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FEATURE VOLUME. 7 ISSUE. 2

OPENING DOORS TO NEW WORLDS
by Tahira Khalid

When secondary education teacher, Iman bint Saleem Khalid arrived in the United Arab Emirates (UAE) city of Al-Ain from Detroit in 2009, she had no idea the impact her teaching would have. Now, she knows her students receive powerful knowledge far beyond correct verb conjugation and excellent essay composition; these young women have learned they can be educated without compromising their religion and they’ve learned about Muslims in America.

For centuries, female students in Abu Dhabi, one of the richest districts in the UAE, believed the pursuit of education meant religious concessions they were unwilling to make; however, in recent years, the role of women there has advanced greatly, making it a leader in women’s rights in the Arab world.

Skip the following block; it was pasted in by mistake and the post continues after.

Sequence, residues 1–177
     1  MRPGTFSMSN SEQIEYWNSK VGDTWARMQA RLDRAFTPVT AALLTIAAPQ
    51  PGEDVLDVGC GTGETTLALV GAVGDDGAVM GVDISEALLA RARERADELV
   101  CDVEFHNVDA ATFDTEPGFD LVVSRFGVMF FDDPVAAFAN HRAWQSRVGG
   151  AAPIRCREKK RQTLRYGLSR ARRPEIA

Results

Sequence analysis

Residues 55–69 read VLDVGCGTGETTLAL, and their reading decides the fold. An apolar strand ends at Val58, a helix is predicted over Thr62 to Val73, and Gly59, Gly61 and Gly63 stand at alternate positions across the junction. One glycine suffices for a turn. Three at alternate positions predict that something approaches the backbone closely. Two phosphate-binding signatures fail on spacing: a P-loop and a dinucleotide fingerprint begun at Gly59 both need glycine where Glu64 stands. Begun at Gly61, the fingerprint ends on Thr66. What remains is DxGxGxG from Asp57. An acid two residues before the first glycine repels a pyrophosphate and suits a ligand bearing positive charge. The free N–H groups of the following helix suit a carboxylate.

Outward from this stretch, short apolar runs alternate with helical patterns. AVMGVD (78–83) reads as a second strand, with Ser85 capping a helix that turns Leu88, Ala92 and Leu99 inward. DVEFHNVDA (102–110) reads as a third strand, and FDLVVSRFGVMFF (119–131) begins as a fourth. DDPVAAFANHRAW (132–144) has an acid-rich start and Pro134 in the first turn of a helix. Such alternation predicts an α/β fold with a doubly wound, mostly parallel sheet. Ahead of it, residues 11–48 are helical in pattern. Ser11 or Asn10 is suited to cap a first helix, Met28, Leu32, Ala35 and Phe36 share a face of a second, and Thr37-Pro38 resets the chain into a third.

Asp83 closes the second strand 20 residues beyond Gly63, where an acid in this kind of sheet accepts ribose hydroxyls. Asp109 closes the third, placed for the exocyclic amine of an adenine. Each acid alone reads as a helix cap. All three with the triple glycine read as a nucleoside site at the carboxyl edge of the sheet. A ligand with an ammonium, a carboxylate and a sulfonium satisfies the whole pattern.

In the 2007-2008 United Nations Development Program Report under Gender Empowerment Measures, UAE ranked 29th among 177 countries, the best rating received in the Arab world. In the 2011 UN Report the UAE ranked 30th on the Human Development Index, the highest of any Muslim-majority country. Indeed, the UAE constitution guarantees equality between men and women, including legal status and access to education.

Emirati women who take advantage of their educational opportunities might find themselves taught by an American Muslimah. Approximately 2,000 teachers of various ethnicities are teaching in the Emirates; 400 of these teachers identify as African American, while only 75 of the teachers are Muslim women. This article tells the stories of five African Americans who have experienced astonishment at their ethnicity, religion and career choices.

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